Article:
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Russia’s Sakhalin Island could provide China with more energy

Russia’s Sakhalin Island could provide China with more energy
Russia is considering boosting exports of liquefied natural gas (LNG) to China. The LNG would come from its largest island, Sakhalin, to fulfil Beijing’s growing energy demand, Russia’s envoy to the country has revealed.

“There are plans to supply liquefied gas to China not only from the Yamal [LNG plant], but also from Sakhalin. It can be partly supplied in the form of liquefied natural gas, and a pipeline may eventually be built,” ambassador Andrey Denisov told journalists on Wednesday.

The diplomat explained that gas supplies via a pipeline are much cheaper, but such projects can be launched only if a long-term bilateral deal is sealed. On the other hand, LNG is more convenient as the pipeline works only one way, but at the same time the fuel in the liquefied form is more expensive, according to Denisov.

China is world’s fifth largest consumer of natural gas and has long been planning to increase imports from foreign suppliers, including Russia.

Moscow and Beijing are currently finalizing talks on the gas supplies agreement via the so-called ‘Western Route’, which stipulates building the Power of Siberia pipeline to deliver Russian gas from the Far East to China.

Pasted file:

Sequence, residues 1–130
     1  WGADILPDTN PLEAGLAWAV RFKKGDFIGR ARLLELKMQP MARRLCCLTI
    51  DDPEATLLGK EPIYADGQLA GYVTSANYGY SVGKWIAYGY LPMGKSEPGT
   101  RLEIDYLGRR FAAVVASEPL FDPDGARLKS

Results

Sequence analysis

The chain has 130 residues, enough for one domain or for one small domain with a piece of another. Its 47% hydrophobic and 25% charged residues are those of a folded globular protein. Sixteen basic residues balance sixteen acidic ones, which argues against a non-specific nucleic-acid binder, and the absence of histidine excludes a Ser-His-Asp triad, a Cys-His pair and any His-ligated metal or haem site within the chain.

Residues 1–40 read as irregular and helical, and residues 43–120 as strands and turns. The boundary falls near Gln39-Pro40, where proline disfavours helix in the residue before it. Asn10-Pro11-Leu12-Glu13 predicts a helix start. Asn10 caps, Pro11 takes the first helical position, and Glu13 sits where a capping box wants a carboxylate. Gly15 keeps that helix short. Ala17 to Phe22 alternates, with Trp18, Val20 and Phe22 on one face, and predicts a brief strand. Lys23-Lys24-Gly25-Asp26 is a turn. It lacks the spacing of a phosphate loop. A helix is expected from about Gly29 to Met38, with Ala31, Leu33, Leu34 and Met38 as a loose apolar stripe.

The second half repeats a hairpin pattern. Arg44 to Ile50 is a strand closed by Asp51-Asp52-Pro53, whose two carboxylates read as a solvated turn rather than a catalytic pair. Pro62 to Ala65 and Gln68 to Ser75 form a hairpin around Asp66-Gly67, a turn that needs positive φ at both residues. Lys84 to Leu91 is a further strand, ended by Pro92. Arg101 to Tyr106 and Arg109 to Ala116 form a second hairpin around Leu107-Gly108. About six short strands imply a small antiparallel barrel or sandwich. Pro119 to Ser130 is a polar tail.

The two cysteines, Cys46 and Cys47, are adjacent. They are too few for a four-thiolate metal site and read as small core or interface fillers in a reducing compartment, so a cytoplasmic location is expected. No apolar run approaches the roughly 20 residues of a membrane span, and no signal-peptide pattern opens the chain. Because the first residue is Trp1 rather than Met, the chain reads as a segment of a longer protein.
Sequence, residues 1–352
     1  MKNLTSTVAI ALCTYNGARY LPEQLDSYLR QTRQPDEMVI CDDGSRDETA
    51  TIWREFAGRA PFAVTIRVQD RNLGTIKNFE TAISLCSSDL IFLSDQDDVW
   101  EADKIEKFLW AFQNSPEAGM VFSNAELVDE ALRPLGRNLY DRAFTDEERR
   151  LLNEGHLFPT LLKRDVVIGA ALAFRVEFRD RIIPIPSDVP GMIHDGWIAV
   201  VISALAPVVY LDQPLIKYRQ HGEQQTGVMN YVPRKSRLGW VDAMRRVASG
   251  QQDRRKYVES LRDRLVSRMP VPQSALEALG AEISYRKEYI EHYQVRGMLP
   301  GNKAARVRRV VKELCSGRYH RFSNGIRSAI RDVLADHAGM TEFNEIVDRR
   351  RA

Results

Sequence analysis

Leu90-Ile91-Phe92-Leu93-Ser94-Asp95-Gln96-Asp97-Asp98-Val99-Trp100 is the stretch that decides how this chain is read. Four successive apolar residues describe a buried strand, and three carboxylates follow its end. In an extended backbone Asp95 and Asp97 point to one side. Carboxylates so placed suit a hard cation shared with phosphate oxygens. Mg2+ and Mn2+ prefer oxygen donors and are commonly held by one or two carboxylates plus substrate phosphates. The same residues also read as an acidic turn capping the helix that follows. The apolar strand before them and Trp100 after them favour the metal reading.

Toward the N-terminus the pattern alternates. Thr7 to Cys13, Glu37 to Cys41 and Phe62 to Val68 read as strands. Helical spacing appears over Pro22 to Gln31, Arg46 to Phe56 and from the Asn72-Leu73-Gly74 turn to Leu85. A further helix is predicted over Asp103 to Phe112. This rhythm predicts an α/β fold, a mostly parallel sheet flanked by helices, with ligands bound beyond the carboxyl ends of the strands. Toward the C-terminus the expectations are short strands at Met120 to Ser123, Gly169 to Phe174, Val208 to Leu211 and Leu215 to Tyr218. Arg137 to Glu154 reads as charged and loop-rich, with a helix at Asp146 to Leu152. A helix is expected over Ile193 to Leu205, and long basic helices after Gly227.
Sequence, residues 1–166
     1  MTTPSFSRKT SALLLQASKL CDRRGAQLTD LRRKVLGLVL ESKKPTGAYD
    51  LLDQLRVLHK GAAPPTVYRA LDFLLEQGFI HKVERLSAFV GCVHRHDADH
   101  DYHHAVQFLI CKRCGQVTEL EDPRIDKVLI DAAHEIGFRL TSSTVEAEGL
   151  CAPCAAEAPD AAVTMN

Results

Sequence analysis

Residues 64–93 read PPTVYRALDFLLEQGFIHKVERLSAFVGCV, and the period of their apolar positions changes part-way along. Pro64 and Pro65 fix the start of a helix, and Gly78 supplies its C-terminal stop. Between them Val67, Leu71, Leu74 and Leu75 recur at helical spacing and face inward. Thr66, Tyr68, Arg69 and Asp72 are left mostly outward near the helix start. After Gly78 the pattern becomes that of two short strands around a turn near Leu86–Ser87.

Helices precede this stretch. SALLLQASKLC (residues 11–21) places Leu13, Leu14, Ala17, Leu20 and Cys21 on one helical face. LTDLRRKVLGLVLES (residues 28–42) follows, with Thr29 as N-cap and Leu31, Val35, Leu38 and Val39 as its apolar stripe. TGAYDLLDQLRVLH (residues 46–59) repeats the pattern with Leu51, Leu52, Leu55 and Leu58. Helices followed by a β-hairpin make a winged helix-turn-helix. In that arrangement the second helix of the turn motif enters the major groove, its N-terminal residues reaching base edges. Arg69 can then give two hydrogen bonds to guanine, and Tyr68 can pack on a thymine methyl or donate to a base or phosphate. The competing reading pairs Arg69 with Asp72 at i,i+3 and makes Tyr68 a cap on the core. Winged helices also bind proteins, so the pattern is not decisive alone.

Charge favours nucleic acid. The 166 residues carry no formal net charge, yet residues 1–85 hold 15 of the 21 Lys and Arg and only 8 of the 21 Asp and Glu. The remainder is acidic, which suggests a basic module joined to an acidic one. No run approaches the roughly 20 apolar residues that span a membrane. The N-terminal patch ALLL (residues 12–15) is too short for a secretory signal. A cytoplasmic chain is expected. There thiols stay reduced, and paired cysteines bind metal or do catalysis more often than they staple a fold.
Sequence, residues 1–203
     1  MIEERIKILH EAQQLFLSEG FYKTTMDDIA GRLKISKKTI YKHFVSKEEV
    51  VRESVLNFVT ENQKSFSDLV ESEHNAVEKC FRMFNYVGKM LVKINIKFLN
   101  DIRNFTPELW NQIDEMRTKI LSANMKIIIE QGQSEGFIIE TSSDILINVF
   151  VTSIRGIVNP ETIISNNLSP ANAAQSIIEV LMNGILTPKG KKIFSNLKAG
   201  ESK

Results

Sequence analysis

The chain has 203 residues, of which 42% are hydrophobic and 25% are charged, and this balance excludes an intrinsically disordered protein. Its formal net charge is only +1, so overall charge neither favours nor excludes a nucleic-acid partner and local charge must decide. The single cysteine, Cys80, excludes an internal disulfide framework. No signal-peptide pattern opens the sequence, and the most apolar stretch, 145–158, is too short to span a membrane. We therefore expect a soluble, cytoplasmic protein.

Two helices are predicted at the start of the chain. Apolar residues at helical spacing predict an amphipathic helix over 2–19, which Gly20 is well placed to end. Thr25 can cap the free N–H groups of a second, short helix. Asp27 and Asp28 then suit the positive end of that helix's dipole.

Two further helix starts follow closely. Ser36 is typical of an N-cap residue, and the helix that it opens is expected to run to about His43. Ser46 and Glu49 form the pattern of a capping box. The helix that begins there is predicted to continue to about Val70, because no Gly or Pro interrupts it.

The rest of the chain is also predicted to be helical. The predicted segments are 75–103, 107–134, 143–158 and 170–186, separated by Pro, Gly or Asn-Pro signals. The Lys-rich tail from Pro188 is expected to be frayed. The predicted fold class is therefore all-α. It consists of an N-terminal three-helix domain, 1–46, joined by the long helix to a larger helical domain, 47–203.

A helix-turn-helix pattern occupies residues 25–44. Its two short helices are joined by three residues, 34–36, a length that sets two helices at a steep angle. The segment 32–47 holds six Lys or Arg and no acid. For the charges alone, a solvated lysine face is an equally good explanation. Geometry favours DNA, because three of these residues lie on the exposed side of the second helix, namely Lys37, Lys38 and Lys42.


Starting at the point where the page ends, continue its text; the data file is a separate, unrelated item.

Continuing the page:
The new pipeline will deliver 38 billion cubic meters of natural gas annually for 30 years. The last remaining question the sides are discussing is the price, Denisov said.

Also on rt.com China wants to buy more natural gas from Russia & diversify supplies

“Many issues are agreed, as far as we know, except for the main one, perhaps, the issue of defining the price,” the envoy told journalists.

Russia currently has two LNG plants – Gazprom’s Sakhalin-2 and Novatek’s Yamal LNG. Energy giant Rosneft is also planning to build a new plant in partnership with US’ ExxonMobil, Japan’s SODECO and India’s ONGC Videsh. The $27 billion Yamal LNG project, which began operations last December, has recently reached full capacity and has already shipped two million tons of the liquefied fuel.

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